Kazakhstan: Flydubai and Air Arabia cancel flights to Almaty amid deadly violence
Middle East airlines Flydubai and Air Arabia cancelled services to Kazakhstan's largest city Almaty on Thursday, as the country faces its worst unrest in over a decade.
A Flydubai spokesperson said the airline had cancelled its two return Dubai-Almaty services scheduled for Thursday due to the "situation on the ground" there.
While the service between Dubai and Almaty has been cancelled until 8 January, the spokesperson said Flydubai was still operating its flights to the Kazakh capital Nur-Sultan.
The website for Air Arabia showed its return Sharjah-Almaty flights scheduled for Thursday as cancelled. There was no immediate comment from the Emirati airline, Reuters reported.
Almaty airport was reportedly overrun by anti-government protesters on Wednesday, forcing flights to be cancelled, before it was later retaken by government security forces.
Kuwaiti budget carrier Jazeera Airways on Wednesday suspended services to Almaty.
Security forces in Kazakhstan say they have killed dozens of anti-government rioters in an operation to restore order in Almaty, the country's largest city.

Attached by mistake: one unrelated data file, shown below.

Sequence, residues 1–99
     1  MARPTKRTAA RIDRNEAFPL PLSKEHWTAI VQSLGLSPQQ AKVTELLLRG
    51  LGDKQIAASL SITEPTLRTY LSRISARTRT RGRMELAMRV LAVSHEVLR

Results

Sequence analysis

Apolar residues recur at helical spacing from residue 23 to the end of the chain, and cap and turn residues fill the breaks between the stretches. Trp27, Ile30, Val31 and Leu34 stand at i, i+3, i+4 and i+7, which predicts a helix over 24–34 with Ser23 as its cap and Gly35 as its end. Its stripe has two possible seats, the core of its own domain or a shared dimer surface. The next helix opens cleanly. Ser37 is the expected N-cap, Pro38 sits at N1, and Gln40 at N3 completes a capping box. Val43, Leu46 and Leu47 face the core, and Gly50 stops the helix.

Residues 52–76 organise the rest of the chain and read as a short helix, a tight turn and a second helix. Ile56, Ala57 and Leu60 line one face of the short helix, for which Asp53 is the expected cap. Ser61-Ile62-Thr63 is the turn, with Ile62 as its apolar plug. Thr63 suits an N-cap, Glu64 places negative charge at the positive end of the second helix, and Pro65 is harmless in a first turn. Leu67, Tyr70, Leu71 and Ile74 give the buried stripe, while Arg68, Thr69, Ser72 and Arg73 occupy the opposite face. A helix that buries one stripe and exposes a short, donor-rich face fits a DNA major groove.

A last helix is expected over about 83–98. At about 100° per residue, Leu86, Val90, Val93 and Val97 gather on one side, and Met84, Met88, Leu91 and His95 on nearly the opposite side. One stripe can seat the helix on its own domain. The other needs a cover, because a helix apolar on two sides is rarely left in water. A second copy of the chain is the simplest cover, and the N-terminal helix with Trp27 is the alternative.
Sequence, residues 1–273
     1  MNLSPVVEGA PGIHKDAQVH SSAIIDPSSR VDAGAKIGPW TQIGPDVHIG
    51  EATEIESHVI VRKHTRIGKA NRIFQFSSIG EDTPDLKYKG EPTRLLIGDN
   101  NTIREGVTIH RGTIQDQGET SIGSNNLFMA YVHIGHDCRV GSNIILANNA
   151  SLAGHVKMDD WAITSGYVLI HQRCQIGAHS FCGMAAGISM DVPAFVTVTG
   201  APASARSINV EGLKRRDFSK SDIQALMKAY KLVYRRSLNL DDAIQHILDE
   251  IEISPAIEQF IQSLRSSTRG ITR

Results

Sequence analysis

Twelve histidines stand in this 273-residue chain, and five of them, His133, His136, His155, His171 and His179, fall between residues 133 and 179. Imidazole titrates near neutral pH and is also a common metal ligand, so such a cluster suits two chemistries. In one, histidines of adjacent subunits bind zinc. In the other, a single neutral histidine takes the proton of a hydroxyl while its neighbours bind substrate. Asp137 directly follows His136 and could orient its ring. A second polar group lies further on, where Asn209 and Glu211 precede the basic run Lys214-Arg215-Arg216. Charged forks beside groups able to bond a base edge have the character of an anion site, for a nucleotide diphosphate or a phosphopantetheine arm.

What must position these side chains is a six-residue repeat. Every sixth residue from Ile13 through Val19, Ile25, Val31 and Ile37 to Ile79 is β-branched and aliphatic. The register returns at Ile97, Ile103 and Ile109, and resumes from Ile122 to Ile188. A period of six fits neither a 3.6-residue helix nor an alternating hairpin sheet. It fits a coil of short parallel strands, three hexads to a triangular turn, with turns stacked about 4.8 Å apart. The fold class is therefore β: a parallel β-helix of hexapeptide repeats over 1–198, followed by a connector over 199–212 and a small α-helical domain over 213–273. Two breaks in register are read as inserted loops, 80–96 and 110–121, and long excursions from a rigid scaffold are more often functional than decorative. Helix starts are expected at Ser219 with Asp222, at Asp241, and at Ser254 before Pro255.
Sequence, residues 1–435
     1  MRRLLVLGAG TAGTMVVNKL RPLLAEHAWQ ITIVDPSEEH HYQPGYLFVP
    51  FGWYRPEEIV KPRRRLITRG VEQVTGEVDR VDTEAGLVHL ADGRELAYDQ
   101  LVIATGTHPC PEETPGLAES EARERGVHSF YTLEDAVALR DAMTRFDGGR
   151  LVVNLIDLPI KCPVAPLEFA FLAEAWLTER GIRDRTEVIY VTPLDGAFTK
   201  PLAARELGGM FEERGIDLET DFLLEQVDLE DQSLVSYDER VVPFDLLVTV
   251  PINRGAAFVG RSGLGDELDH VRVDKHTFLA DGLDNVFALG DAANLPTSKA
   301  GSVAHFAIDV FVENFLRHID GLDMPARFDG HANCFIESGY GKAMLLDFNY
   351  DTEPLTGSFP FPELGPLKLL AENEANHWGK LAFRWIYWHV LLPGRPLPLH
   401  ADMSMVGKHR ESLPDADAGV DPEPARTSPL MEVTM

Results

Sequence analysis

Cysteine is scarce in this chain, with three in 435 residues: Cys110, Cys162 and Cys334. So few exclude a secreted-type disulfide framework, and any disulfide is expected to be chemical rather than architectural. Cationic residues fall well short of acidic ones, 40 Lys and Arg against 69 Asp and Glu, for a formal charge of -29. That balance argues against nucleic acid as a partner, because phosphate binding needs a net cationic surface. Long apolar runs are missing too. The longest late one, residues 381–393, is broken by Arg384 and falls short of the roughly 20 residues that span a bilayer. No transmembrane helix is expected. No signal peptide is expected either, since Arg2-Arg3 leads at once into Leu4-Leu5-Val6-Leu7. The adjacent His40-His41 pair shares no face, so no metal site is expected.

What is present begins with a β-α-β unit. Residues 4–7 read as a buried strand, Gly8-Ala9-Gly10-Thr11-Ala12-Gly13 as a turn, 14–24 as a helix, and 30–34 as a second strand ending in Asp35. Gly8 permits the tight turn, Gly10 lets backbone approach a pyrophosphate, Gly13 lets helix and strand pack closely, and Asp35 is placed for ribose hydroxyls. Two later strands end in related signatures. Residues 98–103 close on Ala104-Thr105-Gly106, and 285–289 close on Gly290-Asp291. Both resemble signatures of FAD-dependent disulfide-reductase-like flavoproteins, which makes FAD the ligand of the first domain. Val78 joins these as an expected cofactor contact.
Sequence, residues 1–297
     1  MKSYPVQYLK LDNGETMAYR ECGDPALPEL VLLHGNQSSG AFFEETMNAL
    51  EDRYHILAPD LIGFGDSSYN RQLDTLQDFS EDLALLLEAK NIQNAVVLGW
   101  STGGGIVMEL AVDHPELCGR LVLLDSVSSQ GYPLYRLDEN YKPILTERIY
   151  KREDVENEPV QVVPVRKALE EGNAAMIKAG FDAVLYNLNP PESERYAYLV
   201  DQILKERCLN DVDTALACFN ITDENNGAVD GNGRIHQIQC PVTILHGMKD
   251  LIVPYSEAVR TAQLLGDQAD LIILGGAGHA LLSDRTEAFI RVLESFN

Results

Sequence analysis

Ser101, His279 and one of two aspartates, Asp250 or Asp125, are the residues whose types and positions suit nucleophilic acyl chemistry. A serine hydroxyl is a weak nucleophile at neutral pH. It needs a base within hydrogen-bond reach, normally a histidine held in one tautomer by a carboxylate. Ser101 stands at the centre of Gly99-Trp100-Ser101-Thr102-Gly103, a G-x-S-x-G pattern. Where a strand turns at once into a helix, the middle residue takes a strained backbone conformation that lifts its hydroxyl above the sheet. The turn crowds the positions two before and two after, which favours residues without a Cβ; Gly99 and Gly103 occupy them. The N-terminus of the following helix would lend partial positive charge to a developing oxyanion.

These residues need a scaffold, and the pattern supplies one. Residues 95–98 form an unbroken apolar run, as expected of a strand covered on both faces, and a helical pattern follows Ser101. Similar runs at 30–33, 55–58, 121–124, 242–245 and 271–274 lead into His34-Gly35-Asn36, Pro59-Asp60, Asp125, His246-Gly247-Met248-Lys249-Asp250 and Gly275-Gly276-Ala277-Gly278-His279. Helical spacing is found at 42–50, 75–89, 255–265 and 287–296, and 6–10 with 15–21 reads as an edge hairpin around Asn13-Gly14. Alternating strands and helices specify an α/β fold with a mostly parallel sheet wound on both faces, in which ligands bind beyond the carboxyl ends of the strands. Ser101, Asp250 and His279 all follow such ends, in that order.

Videos on social media on Thursday showed pillaged shops and burned buildings in the city, as well as automatic gunfire on the streets and residents screaming in fear.
Twelve security officers have also been killed and 353 wounded during the ongoing unrest, state media reports said on Thursday.
Russian news agencies Interfax and RIA Novosti reported that one of the dead security officers had been found with his head cut off.
Kazakhstan's government has declared a nationwide state of emergency in response to the anti-government protests, which were sparked by a doubling in the cost of liquefied petroleum gas.
Protests spread across the nation of 19 million this week in outrage over the price increase, which is seen as unfair given oil and gas exporter Kazakhstan's vast energy reserves.
Kazakh President Kassym-Jomart Tokayev appealed overnight to the Russia-dominated Collective Security Treaty Organisation (CSTO), which includes five other ex-Soviet states, to combat what he called "terrorist groups" that had "received extensive training abroad".
Within hours the alliance said the first troops had been sent, including Russian paratroopers and military units from the other CSTO members.